Cybersecurity Fabric: The Future of Advanced Threat Response
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September 6, 2019.
News from the 10th Annual Billington CyberSecurity Summit
The 10th annual Billington CyberSecurity Summit concluded yesterday in Washington, DC. Here are a few highlights from yesterday's sessions.
Warfighting in the fifth domain. Major General Dennis Crall, US Marine Corps, presently serving as Deputy Principal Cyber Advisor and Senior Military Advisor for Cyber Policy in the Department of Defense, framed military cyber policy thusly: "This is all about outcomes." He offered three salient considerations for US military cyber policy:
"Lethality." This has three aspects: authorities (and these need to be not only the right ones to authorize sound operations, but they also need to be "deep enough" to enable forethought and anticipation), processes (which need to be repeatable, and to enable operators to use the authorities they've been given), and capabilities (a trained force with the tools necessary to accomplish a mission).
"Partnerships." Such partnerships are both domestic (where partners often have authorities the military lacks) and international (where allies cooperate to share information within a framework that affords a common level of protection).
"Reform." At bottom this is a way of keeping faith and trust by applying scarce resources in the most effective and affordable ways possible.
CISA's vision. It's clear that the 2020 US elections will be the first big test of the Department of Homeland Security's youngest agency. Christopher Krebs, Director of the US Department of Homeland Security's Cybersecurity and Infrastructure Security Agency, discussed the vision he expressed for CISA at Auburn University earlier this summer. The agency has, he said, five principles of execution and two goals. The principles are:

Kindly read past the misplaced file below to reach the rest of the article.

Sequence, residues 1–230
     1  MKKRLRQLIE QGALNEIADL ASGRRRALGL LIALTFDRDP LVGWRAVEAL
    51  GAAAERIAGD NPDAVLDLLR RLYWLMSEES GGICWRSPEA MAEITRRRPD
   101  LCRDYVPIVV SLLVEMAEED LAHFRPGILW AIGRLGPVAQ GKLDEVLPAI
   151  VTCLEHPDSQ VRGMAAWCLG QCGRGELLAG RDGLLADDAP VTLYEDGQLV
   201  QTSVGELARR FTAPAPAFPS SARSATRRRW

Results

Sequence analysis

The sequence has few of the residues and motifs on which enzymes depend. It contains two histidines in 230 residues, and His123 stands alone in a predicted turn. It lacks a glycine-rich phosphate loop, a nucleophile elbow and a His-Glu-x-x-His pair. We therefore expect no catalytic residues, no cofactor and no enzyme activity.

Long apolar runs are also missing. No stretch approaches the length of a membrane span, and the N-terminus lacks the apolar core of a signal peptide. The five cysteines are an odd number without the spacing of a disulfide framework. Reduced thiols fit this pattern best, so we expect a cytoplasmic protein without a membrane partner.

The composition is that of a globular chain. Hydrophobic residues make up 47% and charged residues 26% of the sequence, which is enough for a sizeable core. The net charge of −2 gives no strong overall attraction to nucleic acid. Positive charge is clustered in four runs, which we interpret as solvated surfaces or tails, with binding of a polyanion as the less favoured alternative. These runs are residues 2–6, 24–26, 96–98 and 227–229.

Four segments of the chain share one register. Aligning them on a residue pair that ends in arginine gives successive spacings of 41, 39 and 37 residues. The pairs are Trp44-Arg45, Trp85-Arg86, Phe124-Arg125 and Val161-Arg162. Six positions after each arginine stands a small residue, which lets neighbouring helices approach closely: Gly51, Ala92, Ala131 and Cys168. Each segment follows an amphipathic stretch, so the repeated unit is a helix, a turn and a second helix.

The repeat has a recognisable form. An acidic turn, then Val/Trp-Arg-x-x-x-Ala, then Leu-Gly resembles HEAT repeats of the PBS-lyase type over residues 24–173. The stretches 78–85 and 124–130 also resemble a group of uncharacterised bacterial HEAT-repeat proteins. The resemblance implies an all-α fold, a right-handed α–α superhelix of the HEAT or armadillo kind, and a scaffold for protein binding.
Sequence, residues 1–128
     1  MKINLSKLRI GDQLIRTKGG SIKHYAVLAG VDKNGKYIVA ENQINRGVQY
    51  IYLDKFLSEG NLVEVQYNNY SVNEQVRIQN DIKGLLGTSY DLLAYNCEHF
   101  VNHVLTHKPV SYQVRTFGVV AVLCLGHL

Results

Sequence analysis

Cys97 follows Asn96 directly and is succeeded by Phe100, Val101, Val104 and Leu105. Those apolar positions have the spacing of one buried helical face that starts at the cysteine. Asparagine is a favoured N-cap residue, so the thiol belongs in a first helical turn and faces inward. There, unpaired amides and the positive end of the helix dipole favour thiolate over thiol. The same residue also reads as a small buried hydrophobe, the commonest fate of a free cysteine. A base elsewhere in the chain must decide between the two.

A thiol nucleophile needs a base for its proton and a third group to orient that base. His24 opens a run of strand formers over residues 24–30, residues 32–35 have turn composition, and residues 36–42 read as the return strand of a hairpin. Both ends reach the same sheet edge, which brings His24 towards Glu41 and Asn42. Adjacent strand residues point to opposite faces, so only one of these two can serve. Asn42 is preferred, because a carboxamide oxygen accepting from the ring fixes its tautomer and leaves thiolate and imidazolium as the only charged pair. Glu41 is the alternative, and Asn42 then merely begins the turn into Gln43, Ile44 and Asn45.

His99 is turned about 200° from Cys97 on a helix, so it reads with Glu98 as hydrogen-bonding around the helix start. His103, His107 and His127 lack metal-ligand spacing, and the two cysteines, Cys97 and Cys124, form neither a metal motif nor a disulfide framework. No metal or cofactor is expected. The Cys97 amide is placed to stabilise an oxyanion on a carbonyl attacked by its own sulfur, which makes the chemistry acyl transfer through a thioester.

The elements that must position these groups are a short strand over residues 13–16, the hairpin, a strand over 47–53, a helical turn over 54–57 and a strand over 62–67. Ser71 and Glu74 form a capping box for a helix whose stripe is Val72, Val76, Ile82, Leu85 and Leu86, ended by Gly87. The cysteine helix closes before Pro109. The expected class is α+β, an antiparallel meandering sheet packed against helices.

Operate with the statutory authority to collaboratively lead critical infrastructure protection.
Work consistently with Constitutional rights and national values.
Execute and engage as one agency, in one fight, as one team.
CISA's goals are to "defend today" and "secure tomorrow." The agency's priorities include securing government networks (and this includes rendering appropriate support to state and local governments), securing elections, protecting soft targets and crowded places, and defending industrial control systems. "In 2020, we're going to lead," Krebs concluded, returning to the central challenge of election security. "We're not going to let the Russians or the Chinese in."